Over the next eight weeks we stopped and started, wept and slept and I’d awake with a gasp and listen to his breathing, as he looked so lovely when he slept. All the while wondering what would happen when I again let him leave. Would these moments just stop existing? I felt trapped in a place in space and time, one from which I couldn’t leave. I just had to exist there. One December morning he left to go to college, exiting my flat via my wallet, withdrawing enough money to make sure he’d be able to get food for that day and his train fare home. When he was gone I looked in the mirror, my hair tangled, my eyes housed blacked circles and my mouth felt like the Sahara. Later that day a friend asked, ‘what’s happening to you?’ I explained, but he didn’t get it. I explained that it’s hard to give up on someone you really care about, even if you know it wasn’t going to last forever. The friend then told me that I wasn’t in love with the person, but rather the idea of him and what could be. Perhaps this was true, but it’s hard to believe that something as simple as a concept could cede such carnage in its wake.  After this chat there was a stony silence. I tried to close my eyes and surgically remove the thought of the inevitable future I’d soon face. I sat on Twitter trying to distract myself, but to no avail. As scrolled down my feed I landed on a Buzzfeed article that shared the story of someone that had been in a comparable situation. In bold, doomsdayish words ‘you might end up alone if you don’t settle’ was strung across the header image and for a moment I chocked on the cosmic irony of this. I then looked out across the café at my seemingly bleak future and imagined being strapped to a gurney a in a mental hospital, driven insane by the promise of perpetual singledom, my heart as antiqued and rusted as the machine they’d use on me for electroshock therapy.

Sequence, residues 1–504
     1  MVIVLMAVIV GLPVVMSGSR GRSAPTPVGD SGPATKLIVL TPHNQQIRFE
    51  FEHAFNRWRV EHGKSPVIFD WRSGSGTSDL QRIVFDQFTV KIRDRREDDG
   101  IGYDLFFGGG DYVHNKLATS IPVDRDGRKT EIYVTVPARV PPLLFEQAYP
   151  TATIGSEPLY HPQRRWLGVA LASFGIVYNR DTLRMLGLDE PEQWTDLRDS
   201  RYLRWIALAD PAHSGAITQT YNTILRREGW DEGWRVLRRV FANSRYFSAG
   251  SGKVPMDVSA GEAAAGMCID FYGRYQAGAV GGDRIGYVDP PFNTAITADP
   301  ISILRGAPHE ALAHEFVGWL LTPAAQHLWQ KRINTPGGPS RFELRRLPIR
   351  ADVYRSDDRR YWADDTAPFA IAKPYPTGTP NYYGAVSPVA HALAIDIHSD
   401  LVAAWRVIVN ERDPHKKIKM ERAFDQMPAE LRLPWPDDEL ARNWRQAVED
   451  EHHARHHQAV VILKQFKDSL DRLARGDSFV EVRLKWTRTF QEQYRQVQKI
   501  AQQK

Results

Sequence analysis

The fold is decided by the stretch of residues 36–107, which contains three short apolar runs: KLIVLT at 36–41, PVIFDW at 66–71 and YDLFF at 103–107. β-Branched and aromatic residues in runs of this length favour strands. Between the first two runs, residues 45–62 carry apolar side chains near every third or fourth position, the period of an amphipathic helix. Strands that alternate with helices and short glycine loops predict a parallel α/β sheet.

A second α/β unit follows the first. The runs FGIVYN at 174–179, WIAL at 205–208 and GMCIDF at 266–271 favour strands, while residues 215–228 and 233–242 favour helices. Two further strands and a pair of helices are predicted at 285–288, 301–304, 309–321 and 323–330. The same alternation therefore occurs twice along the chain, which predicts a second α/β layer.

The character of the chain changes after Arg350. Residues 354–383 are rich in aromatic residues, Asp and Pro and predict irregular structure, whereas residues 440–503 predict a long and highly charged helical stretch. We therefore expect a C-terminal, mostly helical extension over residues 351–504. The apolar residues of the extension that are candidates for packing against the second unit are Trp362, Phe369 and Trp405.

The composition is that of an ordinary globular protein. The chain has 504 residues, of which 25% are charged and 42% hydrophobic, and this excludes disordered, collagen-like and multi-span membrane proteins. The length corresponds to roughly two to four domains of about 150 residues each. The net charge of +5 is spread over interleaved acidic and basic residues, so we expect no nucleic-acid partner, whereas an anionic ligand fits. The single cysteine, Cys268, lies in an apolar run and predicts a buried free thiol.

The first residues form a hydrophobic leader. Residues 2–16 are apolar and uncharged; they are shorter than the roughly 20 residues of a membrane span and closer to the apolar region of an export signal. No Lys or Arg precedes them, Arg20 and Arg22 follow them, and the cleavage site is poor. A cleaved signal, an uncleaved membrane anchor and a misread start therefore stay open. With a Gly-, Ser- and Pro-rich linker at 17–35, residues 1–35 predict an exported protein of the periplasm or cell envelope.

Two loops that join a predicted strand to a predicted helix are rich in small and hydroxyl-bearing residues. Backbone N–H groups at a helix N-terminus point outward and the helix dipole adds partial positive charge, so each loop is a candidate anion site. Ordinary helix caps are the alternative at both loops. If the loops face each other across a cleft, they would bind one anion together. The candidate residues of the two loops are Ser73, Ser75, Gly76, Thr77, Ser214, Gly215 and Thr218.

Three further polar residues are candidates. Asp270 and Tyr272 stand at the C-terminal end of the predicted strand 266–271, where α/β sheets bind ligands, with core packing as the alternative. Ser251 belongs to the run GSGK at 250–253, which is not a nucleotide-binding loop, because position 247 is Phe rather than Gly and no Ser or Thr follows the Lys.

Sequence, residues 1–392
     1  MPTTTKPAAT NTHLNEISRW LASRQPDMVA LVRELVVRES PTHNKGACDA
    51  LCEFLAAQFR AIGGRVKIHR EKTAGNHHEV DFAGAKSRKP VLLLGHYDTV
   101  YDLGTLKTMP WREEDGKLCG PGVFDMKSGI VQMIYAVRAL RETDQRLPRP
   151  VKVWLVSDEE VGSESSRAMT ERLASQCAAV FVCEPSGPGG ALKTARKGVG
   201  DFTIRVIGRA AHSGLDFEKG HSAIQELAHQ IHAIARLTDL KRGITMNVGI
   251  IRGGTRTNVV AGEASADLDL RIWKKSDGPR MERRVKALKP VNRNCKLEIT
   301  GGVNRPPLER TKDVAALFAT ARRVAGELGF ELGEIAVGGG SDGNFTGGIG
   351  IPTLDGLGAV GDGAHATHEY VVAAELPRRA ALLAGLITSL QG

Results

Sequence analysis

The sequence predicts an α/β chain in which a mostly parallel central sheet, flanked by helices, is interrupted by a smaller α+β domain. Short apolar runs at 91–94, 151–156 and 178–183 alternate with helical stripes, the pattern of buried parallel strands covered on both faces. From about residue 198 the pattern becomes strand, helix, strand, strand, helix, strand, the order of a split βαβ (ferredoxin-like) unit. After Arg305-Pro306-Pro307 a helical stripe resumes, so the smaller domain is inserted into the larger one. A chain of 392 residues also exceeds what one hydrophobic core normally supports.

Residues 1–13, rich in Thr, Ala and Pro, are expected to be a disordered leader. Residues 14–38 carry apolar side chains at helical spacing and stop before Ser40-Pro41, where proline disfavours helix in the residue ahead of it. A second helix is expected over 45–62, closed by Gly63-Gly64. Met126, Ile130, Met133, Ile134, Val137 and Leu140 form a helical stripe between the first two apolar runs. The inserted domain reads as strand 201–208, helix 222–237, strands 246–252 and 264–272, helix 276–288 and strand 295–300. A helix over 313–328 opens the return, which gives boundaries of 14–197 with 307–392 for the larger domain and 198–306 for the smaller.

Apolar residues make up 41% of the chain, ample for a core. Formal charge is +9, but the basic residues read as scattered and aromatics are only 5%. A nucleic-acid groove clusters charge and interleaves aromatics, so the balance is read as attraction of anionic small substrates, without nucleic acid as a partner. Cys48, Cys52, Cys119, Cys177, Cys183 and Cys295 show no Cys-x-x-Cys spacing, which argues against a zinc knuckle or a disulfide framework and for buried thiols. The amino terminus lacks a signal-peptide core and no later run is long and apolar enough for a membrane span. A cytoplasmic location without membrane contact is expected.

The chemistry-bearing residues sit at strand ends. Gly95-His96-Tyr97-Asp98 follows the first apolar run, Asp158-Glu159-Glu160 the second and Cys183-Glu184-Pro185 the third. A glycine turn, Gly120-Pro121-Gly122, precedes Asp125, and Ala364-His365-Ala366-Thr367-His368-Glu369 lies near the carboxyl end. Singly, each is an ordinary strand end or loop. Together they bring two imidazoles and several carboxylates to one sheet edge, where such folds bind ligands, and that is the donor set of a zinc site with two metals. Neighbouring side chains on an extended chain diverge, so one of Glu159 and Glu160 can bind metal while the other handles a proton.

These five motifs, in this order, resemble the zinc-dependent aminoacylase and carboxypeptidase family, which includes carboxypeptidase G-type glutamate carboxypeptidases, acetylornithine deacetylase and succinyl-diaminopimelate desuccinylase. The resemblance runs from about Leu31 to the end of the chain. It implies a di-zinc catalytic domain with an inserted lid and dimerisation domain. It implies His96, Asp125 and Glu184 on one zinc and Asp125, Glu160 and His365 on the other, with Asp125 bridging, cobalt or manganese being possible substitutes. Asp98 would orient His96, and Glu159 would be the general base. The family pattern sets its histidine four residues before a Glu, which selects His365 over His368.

Three weeks later our relationship concluded. I sat looking at my phone, seemingly useless to me as I tried to convince myself that I didn’t know the pass-code to unlock it; when in reality I didn’t even have one set at the time. With shaky finality I crafted my goodbyes as elegantly as iMessage would allow. Before I could get the rest of my words out my friend called me and told me that someone had backed into her car. Putting her on loud speaker I finished my message and hit the send bottom. His response came through and I shivered as his cold reply ran through my entire body, ushering in that final nail-in-the-coffin feeling that arrives when you know that it’s really, truly over.